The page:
Maintaining TB Testing During COVID-19 in Northern Uganda
March 25th, 2022 | Story
March 25th, 2022 | Story
The COVID-19 pandemic caused widespread disruptions to health service delivery. In particular, it arrested progress on ending TB in high-burden countries like Uganda, achievement of the 2018–2022 United Nations High-Level Meeting targets on TB treatment and prevention, and the WHO objective of ending the TB epidemic by 2035. As newer COVID-19 variants continued to devastate many low- and middle-income countries in 2021, the extent of these setbacks, especially in TB case identification, increased.
Tuberculosis is the leading cause of death by infectious disease in Uganda. According to the Ministry of Health, which in November 2019, declared TB a public health emergency, it kills 30 Ugandans every day. Lango, Acholi, and Karamoja Regions in northern Uganda were chosen to lead the emergency plan because they have the highest prevalence of TB. However, the implementation of the emergency plan was disrupted by the COVID-19 pandemic, and subsequent restrictions interrupted the continuity of TB services, including community outreach, screening, and testing at health facilities.
The USAID-funded Regional Health Integration to Enhance Services-North, Lango (RHITES-N, Lango) project supports the Ministry of Health through the National TB and Leprosy Program to establish high-quality TB diagnosis and treatment services and control activities in the Lango Sub-region of northern Uganda.
“During the first months of the pandemic, TB notifications decreased sharply,” says Joseph Nturo, laboratory advisor for the project. “The restriction in movement, fear of contracting or being misdiagnosed with COVID-19, and stigma all hindered care-seeking.”
To ensure continuity of TB services, the project supported systematic contact tracing; hotspot and door-to-door screening; training lay health workers on basic TB facts; and use of intensified case-finding guides, presumptive case registers, infection control and sputum collection techniques, and community drug refills.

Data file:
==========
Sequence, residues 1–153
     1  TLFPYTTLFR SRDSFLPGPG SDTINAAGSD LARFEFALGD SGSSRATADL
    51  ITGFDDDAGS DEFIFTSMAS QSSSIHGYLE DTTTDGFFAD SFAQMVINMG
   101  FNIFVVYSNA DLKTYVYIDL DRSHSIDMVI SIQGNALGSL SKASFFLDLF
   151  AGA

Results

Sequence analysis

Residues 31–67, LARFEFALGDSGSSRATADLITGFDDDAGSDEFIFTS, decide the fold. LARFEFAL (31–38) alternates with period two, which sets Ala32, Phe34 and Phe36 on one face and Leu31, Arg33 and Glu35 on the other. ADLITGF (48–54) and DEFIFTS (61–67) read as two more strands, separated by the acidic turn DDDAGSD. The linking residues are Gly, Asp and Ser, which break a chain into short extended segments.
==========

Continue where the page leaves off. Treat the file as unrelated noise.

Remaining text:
The project also engaged community support organizations, village health teams, and community linkage facilitators to reach marginalized and remote populations, and strengthened access to diagnostics (X-rays, GeneXpert, and TB LAM tests). The combination of approaches sustained TB case identification, particularly through GeneXpert.
“The GeneXpert is a widely accepted rapid diagnostic tool for early detection of mycobacterium TB and rifampicin [TB drug] resistance,” says Joseph.
Lira Regional Referral Hospital Lab serves the nine districts and one city of Lango. It had one four-module GeneXpert machine for TB tests that, when COVID-19 arrived, could not run all the tests in a timely manner.
“We were overwhelmed by COVID-19,” says Geoffrey Achillam, lab technologist at the hospital. “At the peak of the Delta variant, in a day, we would test more than 600 COVID-19 samples,” he adds.
Because COVID-19 results were needed quickly to isolate people who tested positive, the hospital prioritized COVID-19 over TB testing. This dramatically reduced the turnaround time for the release of results and treatment for TB clients. In response, RHITES-N, Lango, through the Ministry of Health, supported Lira Regional Referral Hospital to acquire a 16-module GeneXpert machine. The project also upgraded the hospital’s backup power system to accommodate the new machine, and installed the software and trained lab personnel to operate it.
“The new machine meant that we could efficiently run 16 tests simultaneously,” which improved turnaround time for both TB and COVID-19 results, says Geoffrey.
As COVID-19 subsides, the hospital is experiencing a surge in TB tests, as shown in the figure below.
After Kampala Region, Lango has the second-highest drug-resistant (DR) TB case notification rates in Uganda. The RHITES-N, Lango project continues to support DR-TB services to improve diagnostics of rifampicin-resistant cases, and increase GeneXpert access for pulmonary bacteriologically confirmed cases by ensuring all samples are transported to and tested at the 12 GeneXpert facilities in the region. Most importantly, the project is working toward the national target of improving treatment outcomes to 80 percent of cases.
Written by Angela Kateemu